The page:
Shares of The Trade Desk (TTD 4.97%) had a tough time this week. The digital advertising stock slumped as much as 10.1% this week, though shares ended down roughly 7.9% over the past seven days, with no apparent reason for the downturn.
There isn't any company-specific news driving this week's decline, at least not that we could find. Rather, it appears that general market malaise heading into the fall months could be a contributing factor. The broader market was also down over the past week, with the S&P 500 slipping 2.2% this week compared with the previous Friday's close.
Investors are also probably still digesting plans by Alphabet's (GOOGL -0.55%) (GOOG -0.44%), Google to end support for ad-tracking cookies on its Chrome browser. Cookies are small bits of computer code that track specific users across the internet and are used extensively to serve up targeted advertising.
The company originally planned to kill off cookies earlier this year, but it recently pushed its deadline out and is now planning to phase them out by late 2023.
Based on comments by The Trade Desk's management, the demise of cookies is much ado about nothing. CEO Jeff Green addressed the issue earlier this year, after "fielding dozens of calls" about what the move means for The Trade Desk's future, but his response is telling. "The short answer? Not much has changed" Green said in a blog post. "But what has changed, will ultimately prove positive."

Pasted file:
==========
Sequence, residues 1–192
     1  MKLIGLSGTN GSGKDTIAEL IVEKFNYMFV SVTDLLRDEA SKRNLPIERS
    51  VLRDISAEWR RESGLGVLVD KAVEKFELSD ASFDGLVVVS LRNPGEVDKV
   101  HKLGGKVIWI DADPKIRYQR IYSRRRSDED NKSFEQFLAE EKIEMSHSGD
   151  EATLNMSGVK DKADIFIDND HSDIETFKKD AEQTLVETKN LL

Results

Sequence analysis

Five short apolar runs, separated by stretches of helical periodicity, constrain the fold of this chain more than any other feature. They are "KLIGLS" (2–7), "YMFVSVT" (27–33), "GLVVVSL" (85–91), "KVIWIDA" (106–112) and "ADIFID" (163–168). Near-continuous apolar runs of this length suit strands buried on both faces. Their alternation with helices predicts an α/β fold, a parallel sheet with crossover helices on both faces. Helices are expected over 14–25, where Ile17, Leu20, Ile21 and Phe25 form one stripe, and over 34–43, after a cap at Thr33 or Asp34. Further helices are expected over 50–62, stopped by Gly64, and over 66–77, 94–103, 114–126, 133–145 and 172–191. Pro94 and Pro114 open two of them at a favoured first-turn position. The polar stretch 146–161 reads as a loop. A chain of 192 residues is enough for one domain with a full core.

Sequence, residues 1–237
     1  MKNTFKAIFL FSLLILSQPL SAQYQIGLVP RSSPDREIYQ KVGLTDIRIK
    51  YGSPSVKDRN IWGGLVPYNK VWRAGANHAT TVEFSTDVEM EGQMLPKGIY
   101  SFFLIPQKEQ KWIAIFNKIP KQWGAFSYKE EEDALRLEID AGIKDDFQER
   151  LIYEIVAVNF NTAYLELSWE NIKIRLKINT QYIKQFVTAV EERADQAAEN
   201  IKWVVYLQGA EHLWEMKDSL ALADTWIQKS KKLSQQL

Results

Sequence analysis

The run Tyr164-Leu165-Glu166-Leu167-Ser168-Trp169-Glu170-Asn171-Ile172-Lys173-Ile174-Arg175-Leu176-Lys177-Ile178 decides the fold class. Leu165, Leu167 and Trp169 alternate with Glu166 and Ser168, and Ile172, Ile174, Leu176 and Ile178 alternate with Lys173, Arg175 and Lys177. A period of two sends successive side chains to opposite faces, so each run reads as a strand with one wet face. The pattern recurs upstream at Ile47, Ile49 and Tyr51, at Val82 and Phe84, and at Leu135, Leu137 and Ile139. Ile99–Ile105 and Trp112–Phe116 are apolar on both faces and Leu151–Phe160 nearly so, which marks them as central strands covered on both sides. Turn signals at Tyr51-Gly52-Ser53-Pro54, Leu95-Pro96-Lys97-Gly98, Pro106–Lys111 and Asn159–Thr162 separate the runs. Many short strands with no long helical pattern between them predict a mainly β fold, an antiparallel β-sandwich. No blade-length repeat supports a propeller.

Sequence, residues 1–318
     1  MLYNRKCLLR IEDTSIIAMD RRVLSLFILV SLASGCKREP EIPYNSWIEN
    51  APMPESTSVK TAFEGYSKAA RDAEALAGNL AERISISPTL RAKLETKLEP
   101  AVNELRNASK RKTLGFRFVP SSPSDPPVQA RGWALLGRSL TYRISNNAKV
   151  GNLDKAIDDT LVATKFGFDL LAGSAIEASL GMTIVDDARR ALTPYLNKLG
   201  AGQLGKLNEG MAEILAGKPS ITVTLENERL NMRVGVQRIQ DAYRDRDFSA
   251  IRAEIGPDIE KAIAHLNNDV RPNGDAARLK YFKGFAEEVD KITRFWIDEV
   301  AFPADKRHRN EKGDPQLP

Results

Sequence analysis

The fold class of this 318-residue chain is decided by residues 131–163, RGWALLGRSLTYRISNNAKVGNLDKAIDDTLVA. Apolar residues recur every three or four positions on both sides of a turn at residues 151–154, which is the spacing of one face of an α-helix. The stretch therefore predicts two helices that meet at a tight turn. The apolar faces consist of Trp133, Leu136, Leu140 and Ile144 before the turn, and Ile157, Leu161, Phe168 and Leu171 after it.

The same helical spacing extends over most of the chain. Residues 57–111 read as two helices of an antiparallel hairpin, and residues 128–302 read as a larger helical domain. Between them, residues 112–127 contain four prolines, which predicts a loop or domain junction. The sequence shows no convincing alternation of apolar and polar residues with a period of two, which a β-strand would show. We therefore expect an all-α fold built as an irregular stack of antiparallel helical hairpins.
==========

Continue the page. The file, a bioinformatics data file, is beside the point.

"Cookies only impact the browsing internet," he added (emphasis mine). "That's about 20% of data-driven ads today." The company is already fielding its own, more privacy-friendly alternative -- Unified ID 2.0, which a growing list of advertisers are adopting.
"Cookies don't matter much to the fastest-growing areas of the digital advertising ecosystem, such as CTV," or connected TV, Green said. When viewers log in to CTV platforms, they get not only customized viewing recommendations but also more meaningful ad targeting -- which doesn't rely on cookies.
This point illustrates that The Trade Desk still has a long runway of growth ahead.